Definitely. I mean wearable art is an existing sector in art. It exists internationally if not all countries of the world. With materials, it’s not just about being precious but also about expressing different views. When I started, it was extremely difficult because it was a new medium. Jewelry is an established design sector and a brand-oriented sector, so if you are not buying Bahraini jewelry or Indian jewelry, you are buying brands. As a sector, it is very much defined and mature to be brand-oriented and not art oriented. Today, after two decades of my experience and struggle, it has evolved and there is so much more respect and appreciation for it. There are also other jewelry artists in the field, maybe not too many, but there are although the stronger sector is design. So, there are more Emirati designers than there are artists, which is fine. I mean for a small population that is acceptable. It is a language that exists; Picasso has jewelry. In fact, at that time, I did not know back then when I selected my field. I did not know there were artists who did jewelry. My selection came out of an inner need for creation and working with metal, and I wanted to be close to the human body. So, that was a desire that I had and a difficulty that I did not realize would be that big or it would take over a decade for people to start understanding me. However, from my first show, I was able to represent my country internationally. I also overcame this difficulty by educating the public through media and all channels available to me and by exhibiting in places such as festivals. I did not confine my art to white boxes or galleries or museums. I see myself as an artist of the public and exhibiting in festivals helped me a lot. 

How did this become a part of your ambition to change the prevailing thoughts around jewelry and replace their materialistic value?

I think very early on and going to museums at a young age and seeing how a lot of artists were playing with value, nothing to do with material aspect; one of the exhibits had two pieces with the same price. One was painted so one had gold underneath and the other was plastic. To me, I wanted to remove the connection of value of a material and take the value of it as feeling and thoughts and how I’m translating it into my work. I think the fact that I worked in the beginning with silver, which is a less accepted material as a wearable jewelry, shocked some people.  I’m not about the value of material; I am about what I am giving you as a story and what the piece captures just like a painter, but in a different medium and in a different way.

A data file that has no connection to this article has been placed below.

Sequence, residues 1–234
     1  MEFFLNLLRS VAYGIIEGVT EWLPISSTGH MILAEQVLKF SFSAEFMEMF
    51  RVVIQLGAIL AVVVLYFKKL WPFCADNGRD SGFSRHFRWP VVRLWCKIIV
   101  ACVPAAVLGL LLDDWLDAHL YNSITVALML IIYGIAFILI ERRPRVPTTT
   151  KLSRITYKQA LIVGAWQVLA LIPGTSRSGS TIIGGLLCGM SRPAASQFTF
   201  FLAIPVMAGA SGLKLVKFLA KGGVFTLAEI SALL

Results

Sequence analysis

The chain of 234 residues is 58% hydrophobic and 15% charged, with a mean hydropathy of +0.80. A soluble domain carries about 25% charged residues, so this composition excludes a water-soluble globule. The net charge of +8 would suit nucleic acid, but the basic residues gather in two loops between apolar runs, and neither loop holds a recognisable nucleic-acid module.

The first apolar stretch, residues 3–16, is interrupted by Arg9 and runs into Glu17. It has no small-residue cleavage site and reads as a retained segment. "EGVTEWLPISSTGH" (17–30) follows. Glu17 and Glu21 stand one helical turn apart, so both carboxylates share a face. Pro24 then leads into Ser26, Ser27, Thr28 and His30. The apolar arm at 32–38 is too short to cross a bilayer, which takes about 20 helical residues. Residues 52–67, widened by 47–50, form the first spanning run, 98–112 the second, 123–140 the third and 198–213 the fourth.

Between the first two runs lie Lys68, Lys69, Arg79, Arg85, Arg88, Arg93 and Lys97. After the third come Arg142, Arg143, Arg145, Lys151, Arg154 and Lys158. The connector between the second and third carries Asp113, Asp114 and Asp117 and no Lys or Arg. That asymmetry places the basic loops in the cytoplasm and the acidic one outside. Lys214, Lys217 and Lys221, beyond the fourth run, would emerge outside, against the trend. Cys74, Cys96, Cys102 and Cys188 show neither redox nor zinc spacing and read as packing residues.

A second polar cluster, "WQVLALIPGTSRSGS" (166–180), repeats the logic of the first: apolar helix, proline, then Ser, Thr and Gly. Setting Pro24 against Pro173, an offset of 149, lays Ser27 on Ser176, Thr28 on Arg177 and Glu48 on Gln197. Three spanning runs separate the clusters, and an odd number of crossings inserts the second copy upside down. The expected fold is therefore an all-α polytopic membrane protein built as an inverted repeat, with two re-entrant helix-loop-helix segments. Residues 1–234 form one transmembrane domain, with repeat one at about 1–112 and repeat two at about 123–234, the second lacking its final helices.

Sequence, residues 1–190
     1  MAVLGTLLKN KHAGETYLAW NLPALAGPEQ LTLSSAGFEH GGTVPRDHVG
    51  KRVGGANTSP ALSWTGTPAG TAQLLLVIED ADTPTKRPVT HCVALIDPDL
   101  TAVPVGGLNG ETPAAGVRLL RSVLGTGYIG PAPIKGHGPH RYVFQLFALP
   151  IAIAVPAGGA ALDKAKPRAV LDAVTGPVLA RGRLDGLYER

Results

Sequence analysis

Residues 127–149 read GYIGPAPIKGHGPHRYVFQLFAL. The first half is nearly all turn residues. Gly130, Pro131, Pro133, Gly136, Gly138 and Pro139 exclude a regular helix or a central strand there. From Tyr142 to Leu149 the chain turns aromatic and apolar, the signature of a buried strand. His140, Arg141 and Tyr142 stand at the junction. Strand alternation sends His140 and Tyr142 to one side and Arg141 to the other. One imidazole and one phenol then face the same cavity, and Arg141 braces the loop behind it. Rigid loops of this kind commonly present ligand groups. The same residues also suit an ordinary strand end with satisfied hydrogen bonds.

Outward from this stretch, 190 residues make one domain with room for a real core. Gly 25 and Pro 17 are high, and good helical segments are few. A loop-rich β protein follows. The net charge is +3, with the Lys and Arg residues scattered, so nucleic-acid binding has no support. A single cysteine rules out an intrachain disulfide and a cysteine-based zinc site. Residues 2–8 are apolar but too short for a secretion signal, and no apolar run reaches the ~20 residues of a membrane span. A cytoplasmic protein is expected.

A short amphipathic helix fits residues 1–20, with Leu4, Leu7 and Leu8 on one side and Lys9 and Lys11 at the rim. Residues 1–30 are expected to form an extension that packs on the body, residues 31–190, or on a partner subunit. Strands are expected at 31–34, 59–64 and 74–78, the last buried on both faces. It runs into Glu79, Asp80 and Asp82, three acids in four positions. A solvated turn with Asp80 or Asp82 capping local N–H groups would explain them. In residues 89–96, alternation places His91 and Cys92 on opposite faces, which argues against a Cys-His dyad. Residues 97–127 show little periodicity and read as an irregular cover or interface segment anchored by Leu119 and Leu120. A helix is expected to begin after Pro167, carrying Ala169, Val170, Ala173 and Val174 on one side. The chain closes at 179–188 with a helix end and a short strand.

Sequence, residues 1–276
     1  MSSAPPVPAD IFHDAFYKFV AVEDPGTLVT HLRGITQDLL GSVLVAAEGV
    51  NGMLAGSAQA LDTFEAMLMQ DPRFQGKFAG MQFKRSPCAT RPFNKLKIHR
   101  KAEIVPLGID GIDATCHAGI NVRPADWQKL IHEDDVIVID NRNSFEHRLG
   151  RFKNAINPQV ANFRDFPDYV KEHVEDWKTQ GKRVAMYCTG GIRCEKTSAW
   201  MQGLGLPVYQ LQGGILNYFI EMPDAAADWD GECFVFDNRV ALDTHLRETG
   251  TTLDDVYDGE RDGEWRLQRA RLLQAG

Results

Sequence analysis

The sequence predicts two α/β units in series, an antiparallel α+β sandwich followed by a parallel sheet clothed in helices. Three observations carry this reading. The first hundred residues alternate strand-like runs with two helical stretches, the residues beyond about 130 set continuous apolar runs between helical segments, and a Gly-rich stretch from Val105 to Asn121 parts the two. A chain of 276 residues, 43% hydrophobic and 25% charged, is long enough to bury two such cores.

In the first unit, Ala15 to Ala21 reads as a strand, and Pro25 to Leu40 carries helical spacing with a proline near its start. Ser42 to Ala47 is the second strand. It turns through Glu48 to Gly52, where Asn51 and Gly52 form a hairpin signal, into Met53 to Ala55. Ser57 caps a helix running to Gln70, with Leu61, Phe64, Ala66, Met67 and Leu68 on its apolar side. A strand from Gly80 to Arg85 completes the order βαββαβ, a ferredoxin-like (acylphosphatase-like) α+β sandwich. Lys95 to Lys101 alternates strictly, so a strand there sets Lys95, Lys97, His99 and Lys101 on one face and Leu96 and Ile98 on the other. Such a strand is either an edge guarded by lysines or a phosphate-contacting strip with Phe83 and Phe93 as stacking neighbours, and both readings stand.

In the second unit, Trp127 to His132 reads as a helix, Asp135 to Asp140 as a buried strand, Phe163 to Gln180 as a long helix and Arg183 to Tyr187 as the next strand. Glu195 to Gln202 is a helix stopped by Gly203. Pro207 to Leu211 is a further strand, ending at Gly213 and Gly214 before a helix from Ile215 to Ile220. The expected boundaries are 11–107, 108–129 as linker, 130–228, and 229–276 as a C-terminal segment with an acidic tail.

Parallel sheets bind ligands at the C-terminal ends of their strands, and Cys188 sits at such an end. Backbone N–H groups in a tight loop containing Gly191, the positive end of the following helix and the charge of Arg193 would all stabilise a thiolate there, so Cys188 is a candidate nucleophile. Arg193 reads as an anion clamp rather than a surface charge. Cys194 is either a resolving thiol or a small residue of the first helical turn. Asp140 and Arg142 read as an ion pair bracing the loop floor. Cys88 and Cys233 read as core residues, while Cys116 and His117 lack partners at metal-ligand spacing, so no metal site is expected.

How do you work with jewelry and sculptures without losing your artistic identity?

This has never been an issue for me as an artist; so, over the past few decades, I worked and pushed myself to express myself and I was never frightened by the scale of the work. So, I think maybe what helped me gain more confidence are the opportunities I got, the participation, the grants and the commissions to create specific site location artworks. It was not an easy journey, and it took a lot of time. I think there are more opportunities now than there were when I started. Artists now have the chance to explore their options and move from one medium and scale to another. 

As creative ability is what differentiates a real artist, in what way do you think your work differs from other artists’?